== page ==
What does resilience mean in contexts where there are multiple, permanent risks: the example of Latin and Central America
Presentation by Nelson Castaño
How can we conceptualise and systematise the historical knowledge of our people, our communities, and our organisations? The concept of Disaster Risk Reduction first emerged in the 1990’s during the International Decade for Natural Disaster Reduction. Climate change adaptation came a little bit later, and after that, strategies on how to connect them together. Now we have begun to talk about “Resilience”.
1984: “Prevention better than Cure”
Mid-1990’s: “Reducing Risk”
1999: new IFRC Disaster Preparedness Policy, VCA Guide
2001 - 2008: DFID Pilot Disaster Reduction Program
2002: WDR – Reducing Risk2004: Community Resilience
2003: 29th International Conference “Agenda for Humanitarian Action”
2005: “Hyogo Framework for Action”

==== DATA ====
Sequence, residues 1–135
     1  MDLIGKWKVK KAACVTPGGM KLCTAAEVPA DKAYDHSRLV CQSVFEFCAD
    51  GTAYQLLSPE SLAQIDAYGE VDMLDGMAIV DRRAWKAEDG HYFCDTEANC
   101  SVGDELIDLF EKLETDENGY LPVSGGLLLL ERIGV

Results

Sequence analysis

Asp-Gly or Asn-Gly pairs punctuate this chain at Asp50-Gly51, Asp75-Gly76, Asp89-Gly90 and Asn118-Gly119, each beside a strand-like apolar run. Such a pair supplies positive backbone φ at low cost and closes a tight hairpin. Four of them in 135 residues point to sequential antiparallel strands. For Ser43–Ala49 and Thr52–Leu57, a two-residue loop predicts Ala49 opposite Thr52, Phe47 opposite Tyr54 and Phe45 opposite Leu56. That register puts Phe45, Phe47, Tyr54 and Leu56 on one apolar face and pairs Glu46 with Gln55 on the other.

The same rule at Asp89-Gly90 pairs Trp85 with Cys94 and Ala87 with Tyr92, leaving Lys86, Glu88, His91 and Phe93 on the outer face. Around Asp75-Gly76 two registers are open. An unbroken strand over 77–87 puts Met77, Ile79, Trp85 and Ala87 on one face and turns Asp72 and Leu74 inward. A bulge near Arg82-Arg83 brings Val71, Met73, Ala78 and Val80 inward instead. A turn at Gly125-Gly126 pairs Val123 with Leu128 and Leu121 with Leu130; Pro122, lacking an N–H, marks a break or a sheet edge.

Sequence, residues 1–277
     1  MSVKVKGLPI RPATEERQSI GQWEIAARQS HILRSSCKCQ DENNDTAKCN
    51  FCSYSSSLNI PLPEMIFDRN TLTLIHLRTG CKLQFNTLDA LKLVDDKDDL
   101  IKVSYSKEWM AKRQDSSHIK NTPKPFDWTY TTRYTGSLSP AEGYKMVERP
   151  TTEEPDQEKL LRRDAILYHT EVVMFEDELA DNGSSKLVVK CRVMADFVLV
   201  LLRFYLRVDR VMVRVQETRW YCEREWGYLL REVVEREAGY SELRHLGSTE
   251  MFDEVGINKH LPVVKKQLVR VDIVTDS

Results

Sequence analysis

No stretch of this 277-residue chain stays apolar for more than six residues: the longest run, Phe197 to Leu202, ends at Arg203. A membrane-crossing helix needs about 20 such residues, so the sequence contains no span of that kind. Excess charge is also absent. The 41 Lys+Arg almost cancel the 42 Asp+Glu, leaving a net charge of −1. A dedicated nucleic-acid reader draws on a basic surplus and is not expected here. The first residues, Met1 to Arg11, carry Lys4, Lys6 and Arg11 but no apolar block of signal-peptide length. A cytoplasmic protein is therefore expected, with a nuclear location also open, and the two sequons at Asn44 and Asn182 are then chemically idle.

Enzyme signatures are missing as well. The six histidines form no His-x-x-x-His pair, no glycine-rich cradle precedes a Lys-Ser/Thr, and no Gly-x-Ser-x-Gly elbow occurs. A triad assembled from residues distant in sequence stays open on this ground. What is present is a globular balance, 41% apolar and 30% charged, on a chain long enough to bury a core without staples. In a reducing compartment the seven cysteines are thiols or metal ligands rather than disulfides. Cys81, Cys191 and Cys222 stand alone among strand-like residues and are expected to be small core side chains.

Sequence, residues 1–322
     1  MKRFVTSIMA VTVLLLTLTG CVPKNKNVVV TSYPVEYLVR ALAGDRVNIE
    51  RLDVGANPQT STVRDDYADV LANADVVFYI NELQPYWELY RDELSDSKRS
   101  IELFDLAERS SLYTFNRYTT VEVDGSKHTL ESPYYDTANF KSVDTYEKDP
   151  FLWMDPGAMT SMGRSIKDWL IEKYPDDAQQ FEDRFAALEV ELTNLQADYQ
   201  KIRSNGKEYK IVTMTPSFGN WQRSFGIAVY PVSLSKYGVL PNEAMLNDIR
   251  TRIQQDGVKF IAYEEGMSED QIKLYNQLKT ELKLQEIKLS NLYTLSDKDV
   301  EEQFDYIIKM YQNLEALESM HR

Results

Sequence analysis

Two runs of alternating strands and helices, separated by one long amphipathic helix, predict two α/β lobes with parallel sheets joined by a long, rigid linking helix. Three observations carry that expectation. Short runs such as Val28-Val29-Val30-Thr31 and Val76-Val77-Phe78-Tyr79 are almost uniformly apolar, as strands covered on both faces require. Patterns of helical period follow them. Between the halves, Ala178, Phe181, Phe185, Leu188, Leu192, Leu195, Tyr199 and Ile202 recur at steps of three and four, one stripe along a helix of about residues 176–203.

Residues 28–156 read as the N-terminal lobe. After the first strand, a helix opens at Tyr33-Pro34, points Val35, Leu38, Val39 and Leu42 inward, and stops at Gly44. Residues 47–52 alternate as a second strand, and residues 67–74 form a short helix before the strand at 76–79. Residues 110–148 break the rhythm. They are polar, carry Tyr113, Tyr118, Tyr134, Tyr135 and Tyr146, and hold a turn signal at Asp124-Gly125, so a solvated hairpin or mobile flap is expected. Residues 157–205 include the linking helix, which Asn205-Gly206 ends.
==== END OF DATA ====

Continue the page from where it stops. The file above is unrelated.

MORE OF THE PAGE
2007: 30th International Conference “Together for Humanity”
2008 - 2009: Framework for Community Safety and Resilience, Oslo Communiqué - Strategy 2020
2010: WDR – Urban Risk
At the beginning of October 2012, an internal IFRC workshop was held in the Dominican Republic, bringing together local communities, local NGOs and governments to talk about urban risk and resilience. One of the mayors of a small town pointed out that we needed to change the approach, moving towards the concept of resilience instead of working through the lense of disaster risk reduction, as we have been doing for ten years now.
The concept of resilience is related to preparedness, mitigation, response, and recovery. But how can we make it simple and operational? How do we connect it with the realities of local communities? How do we transfer knowledge effectively to the communities?